sympathies lie on both sides of the table. I feel for those victims
who have suffered abuse at the hands of loved ones, however I also
feel for those who have been falsely accused. I believe that in our
current political climate there could be an increase in cases of false
accusations and as such it is the responsibility of researchers to
clearly understand the workings of memory and the practice of suspect
therapies, such as some techniques employed by the memory recovery
movement. I therefore feel very compelled to conduct research in this
                                                             A Student

  "To claim I have been unwilling or unable to discuss this issue with
my parents is a departure from the truth. All attempts have met with
Dad's vehement denial..."
                                                    Accusing daughter
                             Ironic Twist

  I think you should know that my daughter was with my mom when she
passed away.  She made her peace with her grandmother and at the end
was a real joy to my mom - probably more than any other grandchild.
And she was wonderful to me. She really helped me get through the
roughest moments. I'm so thankful that she reconciled with all of us
before my mother's death. It would have been a terrible burden for her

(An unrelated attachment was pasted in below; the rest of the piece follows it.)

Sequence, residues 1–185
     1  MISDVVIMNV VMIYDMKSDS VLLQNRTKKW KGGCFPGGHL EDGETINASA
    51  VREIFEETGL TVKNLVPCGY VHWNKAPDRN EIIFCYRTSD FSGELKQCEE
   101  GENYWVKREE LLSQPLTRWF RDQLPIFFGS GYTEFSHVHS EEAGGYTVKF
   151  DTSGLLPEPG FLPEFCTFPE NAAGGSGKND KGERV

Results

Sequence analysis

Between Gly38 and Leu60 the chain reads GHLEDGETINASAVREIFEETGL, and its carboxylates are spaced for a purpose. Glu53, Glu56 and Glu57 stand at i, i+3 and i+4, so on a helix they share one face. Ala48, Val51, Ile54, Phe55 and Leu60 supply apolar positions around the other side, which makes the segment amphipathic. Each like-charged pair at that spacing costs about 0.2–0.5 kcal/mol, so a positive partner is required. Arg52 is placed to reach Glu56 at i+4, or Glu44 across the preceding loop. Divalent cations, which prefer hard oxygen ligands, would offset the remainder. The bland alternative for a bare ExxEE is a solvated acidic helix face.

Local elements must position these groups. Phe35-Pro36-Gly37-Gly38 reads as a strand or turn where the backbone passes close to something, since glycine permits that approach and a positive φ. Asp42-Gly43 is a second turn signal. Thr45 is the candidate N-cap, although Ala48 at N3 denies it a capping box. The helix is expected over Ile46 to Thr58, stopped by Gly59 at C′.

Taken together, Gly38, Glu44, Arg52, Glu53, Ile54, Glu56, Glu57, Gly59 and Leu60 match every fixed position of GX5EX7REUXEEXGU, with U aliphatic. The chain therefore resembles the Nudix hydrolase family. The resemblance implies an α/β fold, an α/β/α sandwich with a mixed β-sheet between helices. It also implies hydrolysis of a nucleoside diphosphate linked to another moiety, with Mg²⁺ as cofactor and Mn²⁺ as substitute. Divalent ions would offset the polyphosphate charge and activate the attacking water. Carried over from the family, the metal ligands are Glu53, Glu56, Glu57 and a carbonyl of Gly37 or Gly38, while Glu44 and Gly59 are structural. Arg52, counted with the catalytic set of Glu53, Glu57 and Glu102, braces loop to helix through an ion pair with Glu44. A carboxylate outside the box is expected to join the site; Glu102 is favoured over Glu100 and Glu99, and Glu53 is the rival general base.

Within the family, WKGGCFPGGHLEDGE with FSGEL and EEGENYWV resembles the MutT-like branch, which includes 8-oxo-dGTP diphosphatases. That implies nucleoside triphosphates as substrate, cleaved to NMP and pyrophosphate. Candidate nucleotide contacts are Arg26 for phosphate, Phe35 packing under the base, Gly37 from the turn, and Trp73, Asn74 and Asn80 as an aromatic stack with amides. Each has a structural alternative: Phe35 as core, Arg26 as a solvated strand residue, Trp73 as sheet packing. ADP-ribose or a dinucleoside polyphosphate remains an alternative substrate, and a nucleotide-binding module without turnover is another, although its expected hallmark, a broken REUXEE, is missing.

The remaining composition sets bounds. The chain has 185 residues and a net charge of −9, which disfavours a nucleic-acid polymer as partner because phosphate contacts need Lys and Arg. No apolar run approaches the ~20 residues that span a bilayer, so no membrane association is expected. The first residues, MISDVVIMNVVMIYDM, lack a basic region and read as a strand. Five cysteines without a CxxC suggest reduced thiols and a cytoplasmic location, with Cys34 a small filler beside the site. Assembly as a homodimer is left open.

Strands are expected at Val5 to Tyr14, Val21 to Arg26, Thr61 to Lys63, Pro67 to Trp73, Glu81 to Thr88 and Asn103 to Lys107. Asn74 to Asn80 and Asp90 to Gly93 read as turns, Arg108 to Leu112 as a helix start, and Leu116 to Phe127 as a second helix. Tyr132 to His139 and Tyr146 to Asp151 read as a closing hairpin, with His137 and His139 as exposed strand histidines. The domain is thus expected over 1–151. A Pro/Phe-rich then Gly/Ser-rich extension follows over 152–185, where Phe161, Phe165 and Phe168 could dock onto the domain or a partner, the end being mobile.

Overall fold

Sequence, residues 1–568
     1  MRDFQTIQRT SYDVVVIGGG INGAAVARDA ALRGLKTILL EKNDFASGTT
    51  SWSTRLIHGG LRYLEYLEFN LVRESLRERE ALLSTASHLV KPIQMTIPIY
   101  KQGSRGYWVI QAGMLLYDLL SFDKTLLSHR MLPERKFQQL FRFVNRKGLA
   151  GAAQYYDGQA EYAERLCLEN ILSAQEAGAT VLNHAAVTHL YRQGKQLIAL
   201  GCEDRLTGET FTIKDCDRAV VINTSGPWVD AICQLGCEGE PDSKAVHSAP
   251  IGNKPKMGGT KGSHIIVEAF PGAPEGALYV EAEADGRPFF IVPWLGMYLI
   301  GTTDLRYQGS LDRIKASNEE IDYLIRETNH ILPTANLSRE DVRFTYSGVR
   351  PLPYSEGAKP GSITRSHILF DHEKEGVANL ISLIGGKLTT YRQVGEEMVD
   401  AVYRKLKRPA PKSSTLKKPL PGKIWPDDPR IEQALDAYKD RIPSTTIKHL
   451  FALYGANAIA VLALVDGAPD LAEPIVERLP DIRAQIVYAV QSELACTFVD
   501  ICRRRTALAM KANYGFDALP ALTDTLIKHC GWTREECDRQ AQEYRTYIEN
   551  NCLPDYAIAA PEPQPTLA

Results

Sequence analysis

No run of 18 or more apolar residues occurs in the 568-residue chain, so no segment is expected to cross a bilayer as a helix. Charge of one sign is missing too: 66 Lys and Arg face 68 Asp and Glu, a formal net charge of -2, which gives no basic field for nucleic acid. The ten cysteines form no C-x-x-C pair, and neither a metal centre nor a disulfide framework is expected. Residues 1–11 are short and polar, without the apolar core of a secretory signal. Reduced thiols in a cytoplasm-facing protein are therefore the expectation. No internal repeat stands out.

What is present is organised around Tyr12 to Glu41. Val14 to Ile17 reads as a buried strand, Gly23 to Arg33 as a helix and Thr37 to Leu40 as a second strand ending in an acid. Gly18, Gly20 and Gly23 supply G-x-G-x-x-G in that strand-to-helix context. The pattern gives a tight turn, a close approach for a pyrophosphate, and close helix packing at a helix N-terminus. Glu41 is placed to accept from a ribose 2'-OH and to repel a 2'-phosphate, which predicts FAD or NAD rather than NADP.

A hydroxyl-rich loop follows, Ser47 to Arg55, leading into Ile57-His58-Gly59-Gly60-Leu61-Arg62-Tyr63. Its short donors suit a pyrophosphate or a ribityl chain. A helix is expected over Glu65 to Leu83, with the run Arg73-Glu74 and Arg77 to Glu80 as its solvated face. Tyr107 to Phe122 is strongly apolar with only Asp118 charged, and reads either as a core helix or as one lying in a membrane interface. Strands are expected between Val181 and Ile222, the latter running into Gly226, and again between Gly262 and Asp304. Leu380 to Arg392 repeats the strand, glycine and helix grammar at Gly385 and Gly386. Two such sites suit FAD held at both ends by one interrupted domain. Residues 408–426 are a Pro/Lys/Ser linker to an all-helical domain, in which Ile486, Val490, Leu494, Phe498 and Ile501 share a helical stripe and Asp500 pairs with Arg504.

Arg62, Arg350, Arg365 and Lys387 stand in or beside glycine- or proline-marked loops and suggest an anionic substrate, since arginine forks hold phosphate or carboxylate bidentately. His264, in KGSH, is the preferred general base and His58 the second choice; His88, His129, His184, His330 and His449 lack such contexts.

to carry if she had not. It's an ironic twist of fate, but of the six
grandchildren, she was the only one there when my mom passed away.
                                                          A Mom
                              I'm Sorry
Dear Pop,
  I am sorry. I have written to you because I must ask for your
forgiveness.  When I first accused you of molesting me I was thrown
into a turmoil so deep I didn't know what I was doing or why. But I
have had time now to reflect on my thoughts and actions.
  Right after I brought the lie into the open I began to doubt its
truth; but I couldn't believe that I would do such a thing. I couldn't
believe I was capable of making up such a lie, believing it, and then
taking it to the lengths that I did. But the fact is that I made it up
and used it to alter my life. The pain I have caused you and all my
loved ones is on my conscience. Now I would rather be alone and